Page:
Reflections | January 21, 2021

Why Christians should welcome face masks

Two people wearing masks that say "Peacefully, Simply, Not so close Together"
Photo courtesy of Audrey Hollenberg-Duffey

Jesus Christ — and through him, God — has given us tools to make it through this coronavirus pandemic.
Prayer, faith, and community are familiar tools. We have been using them for months now to get by.

But I want to talk about another Christian tool: face masks.

One might be surprised to see face masks described as Christian. At first, I thought face masks were instruments of medical science only: non-religious items that doctors tell us to wear. In fact, I doubted whether something that
partially hid my face could be Christian at all. Covering up a face feels like covering up a flame, and the Gospels
warn against that: “No one after lighting a lamp puts it in a cellar” (Luke 11:33).

As a philosopher and a teacher, however, I believe it is important to question our assumptions. So I did some
research. I began scanning through the Bible, looking for anything that might support — or contradict — my thinking.

The Bible had a lesson for me. As I quickly discovered, it contains many stories of people wearing protective
clothes. Fabric, strips of cloth, and other garments are divine items, used throughout the Bible to cover, heal, and express sorrow in times of tragedy. And when viewed in the light of these stories, face masks appear to be strikingly biblical garb:

  • Take sackcloth, for example. It was used by Jacob when he mourned the passing of Joseph (Genesis 37:34).
    And it was used by Ahab to express fear and despair when he heard Elijah’s prophetic condemnation (1 Kings 21:27).
    Face masks play a similar role. Like sackcloth, they express sorrow and fear. They mark our grief in times of
  • Or consider Moses’ veil. When Moses returned from Mount Sinai, his face shone with the light of God.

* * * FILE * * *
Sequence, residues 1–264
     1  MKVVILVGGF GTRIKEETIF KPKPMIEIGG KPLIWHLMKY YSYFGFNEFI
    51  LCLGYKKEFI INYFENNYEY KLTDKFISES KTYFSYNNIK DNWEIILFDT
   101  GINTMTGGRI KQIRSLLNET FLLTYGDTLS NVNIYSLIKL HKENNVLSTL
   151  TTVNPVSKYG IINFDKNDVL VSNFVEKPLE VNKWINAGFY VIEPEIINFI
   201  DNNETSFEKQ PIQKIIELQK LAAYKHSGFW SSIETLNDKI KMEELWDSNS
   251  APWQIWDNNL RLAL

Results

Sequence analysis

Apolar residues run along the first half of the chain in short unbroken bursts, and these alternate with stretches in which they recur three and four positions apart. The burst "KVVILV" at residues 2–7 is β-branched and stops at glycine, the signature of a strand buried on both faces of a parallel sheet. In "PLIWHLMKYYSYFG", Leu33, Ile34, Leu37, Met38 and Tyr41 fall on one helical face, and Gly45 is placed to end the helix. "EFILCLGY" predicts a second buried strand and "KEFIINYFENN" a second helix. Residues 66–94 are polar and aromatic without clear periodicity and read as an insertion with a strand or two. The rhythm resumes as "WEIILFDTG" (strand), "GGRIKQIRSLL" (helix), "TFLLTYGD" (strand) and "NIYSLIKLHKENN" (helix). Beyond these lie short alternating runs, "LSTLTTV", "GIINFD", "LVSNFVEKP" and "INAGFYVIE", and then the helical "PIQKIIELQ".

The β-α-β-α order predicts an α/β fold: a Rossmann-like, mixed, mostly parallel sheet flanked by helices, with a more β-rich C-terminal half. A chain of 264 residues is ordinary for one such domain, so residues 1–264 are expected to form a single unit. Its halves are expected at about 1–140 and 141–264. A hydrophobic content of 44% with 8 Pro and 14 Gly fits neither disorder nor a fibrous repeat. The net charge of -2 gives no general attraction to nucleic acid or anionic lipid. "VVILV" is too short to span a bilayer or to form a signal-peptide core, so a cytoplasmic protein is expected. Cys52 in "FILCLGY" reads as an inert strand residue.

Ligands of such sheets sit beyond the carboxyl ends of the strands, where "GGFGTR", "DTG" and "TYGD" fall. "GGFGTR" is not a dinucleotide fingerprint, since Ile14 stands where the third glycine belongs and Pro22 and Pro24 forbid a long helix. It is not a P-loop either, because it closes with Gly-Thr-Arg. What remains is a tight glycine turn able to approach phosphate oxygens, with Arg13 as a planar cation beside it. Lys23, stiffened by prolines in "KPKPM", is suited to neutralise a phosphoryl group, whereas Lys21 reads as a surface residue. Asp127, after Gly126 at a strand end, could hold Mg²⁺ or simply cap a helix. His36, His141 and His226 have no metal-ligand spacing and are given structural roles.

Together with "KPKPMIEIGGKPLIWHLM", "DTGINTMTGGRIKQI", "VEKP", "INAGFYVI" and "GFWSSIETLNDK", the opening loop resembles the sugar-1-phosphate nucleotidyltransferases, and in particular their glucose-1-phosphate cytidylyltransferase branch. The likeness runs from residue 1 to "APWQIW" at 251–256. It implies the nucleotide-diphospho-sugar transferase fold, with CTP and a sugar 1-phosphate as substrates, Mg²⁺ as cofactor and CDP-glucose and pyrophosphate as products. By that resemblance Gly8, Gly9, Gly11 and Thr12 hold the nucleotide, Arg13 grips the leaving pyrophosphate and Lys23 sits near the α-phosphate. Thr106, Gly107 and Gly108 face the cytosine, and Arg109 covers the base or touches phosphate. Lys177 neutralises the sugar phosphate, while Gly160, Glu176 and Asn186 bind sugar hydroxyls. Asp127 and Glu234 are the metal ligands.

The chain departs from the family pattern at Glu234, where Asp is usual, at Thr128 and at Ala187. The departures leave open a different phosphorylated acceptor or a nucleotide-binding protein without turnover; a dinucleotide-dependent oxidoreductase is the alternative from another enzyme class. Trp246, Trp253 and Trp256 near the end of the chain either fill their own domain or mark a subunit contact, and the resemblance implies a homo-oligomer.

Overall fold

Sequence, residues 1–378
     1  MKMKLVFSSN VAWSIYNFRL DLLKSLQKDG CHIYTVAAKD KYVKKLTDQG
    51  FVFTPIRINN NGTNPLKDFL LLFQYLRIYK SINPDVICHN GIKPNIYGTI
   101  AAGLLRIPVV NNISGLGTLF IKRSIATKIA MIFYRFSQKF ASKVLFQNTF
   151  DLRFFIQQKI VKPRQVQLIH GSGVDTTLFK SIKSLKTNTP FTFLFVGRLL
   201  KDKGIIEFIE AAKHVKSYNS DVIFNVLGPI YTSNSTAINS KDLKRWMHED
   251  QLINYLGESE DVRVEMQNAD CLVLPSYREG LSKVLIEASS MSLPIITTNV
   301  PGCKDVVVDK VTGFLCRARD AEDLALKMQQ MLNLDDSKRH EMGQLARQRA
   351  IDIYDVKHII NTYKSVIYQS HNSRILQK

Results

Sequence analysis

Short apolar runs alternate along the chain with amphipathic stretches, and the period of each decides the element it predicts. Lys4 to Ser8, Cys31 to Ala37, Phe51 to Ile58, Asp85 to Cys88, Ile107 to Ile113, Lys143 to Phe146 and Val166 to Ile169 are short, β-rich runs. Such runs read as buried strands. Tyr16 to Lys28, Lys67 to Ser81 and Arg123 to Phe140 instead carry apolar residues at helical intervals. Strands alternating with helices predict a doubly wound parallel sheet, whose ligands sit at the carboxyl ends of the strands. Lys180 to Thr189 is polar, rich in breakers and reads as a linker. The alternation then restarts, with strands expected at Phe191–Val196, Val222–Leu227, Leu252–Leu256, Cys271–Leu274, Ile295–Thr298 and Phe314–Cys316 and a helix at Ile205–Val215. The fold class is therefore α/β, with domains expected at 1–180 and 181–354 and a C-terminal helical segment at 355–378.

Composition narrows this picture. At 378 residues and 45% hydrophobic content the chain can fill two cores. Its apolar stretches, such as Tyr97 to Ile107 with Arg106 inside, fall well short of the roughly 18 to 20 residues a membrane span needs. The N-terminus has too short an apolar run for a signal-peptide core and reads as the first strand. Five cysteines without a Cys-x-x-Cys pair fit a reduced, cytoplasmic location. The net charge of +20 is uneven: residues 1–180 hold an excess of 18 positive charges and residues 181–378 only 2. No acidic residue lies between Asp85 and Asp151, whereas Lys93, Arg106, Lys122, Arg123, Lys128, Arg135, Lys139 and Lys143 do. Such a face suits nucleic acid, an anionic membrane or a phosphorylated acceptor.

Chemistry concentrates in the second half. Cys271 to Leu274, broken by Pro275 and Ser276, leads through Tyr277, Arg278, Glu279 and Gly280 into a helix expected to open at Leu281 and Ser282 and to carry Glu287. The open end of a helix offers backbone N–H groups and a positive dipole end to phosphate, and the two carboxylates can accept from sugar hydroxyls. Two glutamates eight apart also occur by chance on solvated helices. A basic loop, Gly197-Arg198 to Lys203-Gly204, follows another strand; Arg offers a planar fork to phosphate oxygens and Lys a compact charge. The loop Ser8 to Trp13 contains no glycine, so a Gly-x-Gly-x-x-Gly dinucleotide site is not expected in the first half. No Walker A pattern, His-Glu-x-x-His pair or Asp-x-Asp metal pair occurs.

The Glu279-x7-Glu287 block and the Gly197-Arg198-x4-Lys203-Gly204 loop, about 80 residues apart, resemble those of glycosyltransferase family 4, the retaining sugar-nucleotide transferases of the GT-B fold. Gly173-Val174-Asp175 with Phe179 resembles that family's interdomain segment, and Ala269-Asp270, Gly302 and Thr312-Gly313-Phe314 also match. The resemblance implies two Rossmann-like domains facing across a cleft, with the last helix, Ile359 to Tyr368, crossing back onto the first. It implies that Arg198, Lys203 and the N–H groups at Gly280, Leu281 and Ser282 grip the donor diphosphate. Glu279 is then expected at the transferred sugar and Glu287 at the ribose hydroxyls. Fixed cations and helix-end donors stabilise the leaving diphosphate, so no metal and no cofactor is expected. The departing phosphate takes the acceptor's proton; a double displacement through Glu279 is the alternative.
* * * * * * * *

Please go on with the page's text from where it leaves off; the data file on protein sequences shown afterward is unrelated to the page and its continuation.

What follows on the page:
It shone more brightly, in fact, than others could take. In order to shield the Israelites from the overwhelming
    divinity that radiated from his face, Moses wore a veil (Exodus 34:33-35).
    Again, face masks serve a similar function. Like Moses’ veil, face masks serve to protect. We wear them to
    protect one another.
  • Similarly, Jesus’ garment was a conduit for healing. Remember the suffering woman who dared to touch his
    tunic (Mark 5:25-34)? After doing so, she was immediately cured of her illness.
    Jesus’ divine power flowed through his clothing, making believers well.
    So, too, with face masks. Of course, face masks do not directly heal people in the way Jesus did. Face masks do not
    dispense medicine, for instance. But by preventing the spread of coronavirus, face masks have the power to make
    ourselves and our communities healthy. Like Jesus and his tunic, face masks instill wellness.
  • Clothing features prominently in many other biblical passages. For instance, according to the Gospels, Jesus’
    life — from birth to crucifixion — begins and ends with clothing. As soon as Jesus was born, the Gospel of Luke tells us that Mary “wrapped him in bands of cloth” (2:7). And as soon as Jesus died, the Gospel of Matthew reports that Joseph of Arimathea took his body and “wrapped it in a clean linen cloth” (27:59). Clothing — in particular, strips of fabric and clean linen — was a vessel for Jesus, welcoming him into the world and bearing him out of it.
    Even here, there is something to learn about face masks. For just as clothing bookends the story of Jesus’
    life, face masks will bookend the story of this pandemic. We put on face masks at the start of it, and we will remove
    them at the end.

So face masks are not un-Christian. By expressing sorrow, protecting each other, keeping us well, and framing this
pandemic’s story, face masks embody the divine significance of sackcloth, veil, tunic, and wrapping. And Christians,
therefore, should welcome them.

Isaac Ottoni Wilhelm, a lifelong member of the Church of the Brethren, is a doctoral student studying metaphysics and the philosophy of science at Rutgers University in New Jersey.